The Grapes of Wrath‘s timely publication resonated with the American working class, selling over 400,000 copies in its first year. It won the National Book Award and the Pulitzer Prize. When Steinbeck was awarded the Nobel Prize for Literature in 1962, The Grapes of Wrath was singled out. In an interview with AbeBooks, Dr. Susan Shillinglaw of the National Steinbeck Center in Salinas, California explained,

Steinbeck wrote The Grapes of Wrath not intending or wishing for notoriety – he simply wrote about a problem he thought needed addressing. Honesty was called for – and still is, always and forever.

The Grapes of Wrath, 1940 film edition

The Grapes of Wrath, 1940 film edition

As a landmark of American Literature, The Grapes of Wrath has been published many times over its 75-year lifetime, though no edition is as beautiful or as collectible as the first. The most expensive copy of The Grapes of Wrath to sell on AbeBooks was a first edition signed by the author with a price tag of $12,750.

Other notable editions include the movie tie-in version published by World Books (right). The black and white cover features the stars of the 1940 Oscar-winning film that starred Henry Fonda as Tom Joad.

Easton Press and the Franklin Library have both published collectible leather-bound editions ranging in price from $30 to $300.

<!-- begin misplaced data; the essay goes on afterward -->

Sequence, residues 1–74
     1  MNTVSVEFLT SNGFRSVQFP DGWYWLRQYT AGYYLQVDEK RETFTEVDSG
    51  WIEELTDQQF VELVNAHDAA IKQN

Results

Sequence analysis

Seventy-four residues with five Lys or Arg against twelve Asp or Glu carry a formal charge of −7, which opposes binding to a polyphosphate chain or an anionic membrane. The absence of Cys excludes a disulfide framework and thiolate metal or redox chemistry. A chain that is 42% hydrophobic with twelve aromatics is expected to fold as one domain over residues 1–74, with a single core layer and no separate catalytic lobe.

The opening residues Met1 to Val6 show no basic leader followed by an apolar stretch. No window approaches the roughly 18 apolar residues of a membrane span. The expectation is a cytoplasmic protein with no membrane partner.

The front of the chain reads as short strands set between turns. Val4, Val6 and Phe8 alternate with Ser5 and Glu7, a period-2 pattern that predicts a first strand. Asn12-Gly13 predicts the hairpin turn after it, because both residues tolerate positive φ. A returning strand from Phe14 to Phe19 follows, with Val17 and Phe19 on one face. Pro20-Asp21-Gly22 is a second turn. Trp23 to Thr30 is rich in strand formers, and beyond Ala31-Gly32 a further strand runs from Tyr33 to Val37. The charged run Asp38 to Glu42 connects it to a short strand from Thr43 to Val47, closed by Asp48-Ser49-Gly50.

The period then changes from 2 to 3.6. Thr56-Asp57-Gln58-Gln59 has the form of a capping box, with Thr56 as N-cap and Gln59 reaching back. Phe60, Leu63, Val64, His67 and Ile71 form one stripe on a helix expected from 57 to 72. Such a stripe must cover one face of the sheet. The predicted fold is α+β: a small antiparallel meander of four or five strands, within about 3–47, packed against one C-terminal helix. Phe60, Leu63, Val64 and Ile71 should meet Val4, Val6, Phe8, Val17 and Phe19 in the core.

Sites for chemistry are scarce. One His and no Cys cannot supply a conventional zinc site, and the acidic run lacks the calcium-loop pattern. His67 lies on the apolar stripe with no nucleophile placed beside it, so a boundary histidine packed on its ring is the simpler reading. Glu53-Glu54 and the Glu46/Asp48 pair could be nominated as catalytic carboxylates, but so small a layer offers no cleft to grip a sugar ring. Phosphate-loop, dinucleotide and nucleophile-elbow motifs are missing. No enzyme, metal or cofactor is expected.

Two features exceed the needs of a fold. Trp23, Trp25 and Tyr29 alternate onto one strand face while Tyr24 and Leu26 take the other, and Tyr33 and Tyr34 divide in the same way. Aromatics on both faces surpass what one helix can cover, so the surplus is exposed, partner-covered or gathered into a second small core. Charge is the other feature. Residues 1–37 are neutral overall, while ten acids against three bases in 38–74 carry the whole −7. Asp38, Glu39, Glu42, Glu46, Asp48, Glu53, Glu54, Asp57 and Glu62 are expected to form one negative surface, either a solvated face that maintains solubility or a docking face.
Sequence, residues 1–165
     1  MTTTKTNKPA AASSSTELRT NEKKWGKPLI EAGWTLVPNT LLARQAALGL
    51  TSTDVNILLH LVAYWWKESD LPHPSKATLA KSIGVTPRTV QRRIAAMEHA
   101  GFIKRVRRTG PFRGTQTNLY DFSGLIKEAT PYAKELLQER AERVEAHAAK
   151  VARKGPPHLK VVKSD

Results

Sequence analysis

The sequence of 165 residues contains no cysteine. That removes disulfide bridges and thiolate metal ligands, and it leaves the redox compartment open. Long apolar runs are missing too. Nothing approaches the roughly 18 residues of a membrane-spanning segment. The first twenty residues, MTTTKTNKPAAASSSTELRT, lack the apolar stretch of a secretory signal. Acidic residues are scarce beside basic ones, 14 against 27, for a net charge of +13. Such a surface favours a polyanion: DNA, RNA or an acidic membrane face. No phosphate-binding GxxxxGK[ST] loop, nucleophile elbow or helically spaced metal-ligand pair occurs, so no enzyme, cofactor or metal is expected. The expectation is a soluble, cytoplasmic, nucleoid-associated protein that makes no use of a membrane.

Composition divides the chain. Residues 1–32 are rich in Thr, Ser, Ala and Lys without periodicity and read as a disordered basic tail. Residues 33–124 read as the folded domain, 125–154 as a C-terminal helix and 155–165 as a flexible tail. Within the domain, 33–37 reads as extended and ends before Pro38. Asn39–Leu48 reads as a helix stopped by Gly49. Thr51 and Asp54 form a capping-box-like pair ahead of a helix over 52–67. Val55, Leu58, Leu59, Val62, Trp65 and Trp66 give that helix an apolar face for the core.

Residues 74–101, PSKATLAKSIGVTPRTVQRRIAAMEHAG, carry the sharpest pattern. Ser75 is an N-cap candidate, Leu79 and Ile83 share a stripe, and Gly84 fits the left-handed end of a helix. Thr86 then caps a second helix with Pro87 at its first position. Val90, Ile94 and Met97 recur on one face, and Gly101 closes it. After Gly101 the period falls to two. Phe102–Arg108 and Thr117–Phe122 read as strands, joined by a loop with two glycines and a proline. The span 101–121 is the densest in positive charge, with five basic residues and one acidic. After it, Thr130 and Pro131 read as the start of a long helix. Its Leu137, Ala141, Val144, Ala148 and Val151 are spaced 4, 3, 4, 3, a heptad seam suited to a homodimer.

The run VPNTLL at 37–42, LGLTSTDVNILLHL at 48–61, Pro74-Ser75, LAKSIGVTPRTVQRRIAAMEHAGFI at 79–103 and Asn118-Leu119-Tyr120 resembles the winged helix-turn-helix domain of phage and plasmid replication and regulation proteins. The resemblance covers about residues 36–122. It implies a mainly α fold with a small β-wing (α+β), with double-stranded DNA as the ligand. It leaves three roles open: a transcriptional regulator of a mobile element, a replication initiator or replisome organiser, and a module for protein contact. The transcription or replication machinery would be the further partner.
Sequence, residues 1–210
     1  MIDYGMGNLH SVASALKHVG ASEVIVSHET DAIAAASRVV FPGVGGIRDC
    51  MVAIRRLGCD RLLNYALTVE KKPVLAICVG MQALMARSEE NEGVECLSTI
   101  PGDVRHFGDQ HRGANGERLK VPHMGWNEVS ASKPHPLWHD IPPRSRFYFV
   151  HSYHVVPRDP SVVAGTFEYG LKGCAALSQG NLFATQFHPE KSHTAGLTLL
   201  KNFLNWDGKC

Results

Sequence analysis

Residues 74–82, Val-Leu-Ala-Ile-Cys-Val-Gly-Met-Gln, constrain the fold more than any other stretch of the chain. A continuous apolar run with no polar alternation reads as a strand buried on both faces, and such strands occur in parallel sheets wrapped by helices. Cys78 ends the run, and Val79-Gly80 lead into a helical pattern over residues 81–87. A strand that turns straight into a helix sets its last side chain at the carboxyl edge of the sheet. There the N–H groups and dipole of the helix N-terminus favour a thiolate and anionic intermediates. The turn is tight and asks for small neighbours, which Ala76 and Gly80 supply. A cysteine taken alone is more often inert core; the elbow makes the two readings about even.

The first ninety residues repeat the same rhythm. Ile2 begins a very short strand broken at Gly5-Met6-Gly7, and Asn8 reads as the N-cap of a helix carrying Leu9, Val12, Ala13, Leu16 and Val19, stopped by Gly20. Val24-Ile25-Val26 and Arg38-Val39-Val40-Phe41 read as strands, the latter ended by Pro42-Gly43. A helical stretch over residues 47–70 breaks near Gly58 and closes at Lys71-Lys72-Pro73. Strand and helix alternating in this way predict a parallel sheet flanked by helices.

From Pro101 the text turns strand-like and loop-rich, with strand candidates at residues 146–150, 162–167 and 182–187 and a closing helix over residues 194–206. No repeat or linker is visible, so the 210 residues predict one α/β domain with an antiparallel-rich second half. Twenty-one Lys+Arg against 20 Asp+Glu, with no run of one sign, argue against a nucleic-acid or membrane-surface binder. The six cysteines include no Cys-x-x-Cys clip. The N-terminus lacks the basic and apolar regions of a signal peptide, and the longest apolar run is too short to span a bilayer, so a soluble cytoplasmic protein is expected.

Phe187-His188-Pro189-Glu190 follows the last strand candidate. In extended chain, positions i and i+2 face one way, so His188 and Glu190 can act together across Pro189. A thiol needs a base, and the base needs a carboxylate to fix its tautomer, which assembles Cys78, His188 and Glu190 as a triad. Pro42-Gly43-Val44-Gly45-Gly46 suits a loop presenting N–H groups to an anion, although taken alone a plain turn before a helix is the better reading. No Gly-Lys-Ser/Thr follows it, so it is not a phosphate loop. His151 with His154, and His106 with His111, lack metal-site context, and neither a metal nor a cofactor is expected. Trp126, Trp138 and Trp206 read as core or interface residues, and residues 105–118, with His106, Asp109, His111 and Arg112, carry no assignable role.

Even more collectible is the beautiful Limited Editions Club edition illustrated by Thomas Hart Benton (below).

The Grapes of Wrath, Limited Editions Club

The Grapes of Wrath, Limited Editions Club

And while endless paperback copies exist on bookshelves around the world, we can’t help but share a 1951 vintage Penguin edition of what is arguably America’s most beloved story.

The Grapes of Wrath, 1951 vintage Penguin

The Grapes of Wrath, 1951 vintage Penguin


The epic French saga that inspired Game of Thrones

The Iron King by Maurice Druon

George R.R. Martin is a household name, but do the millions of people who have their noses stuck in any one of the A Song of Ice and Fire books know the name Maurice Druon?  He happens to be the author of a series of novels set in medieval France – the same series that inspired Martin to pen the ever-popular Game of Thrones and its subsequent books.  The French author wrote Les Rois Maudits (translated to The Accursed Kings)  between the mid 1950s and 1970s, and until a translation was recently reissued the seven books have been scarcely found in English.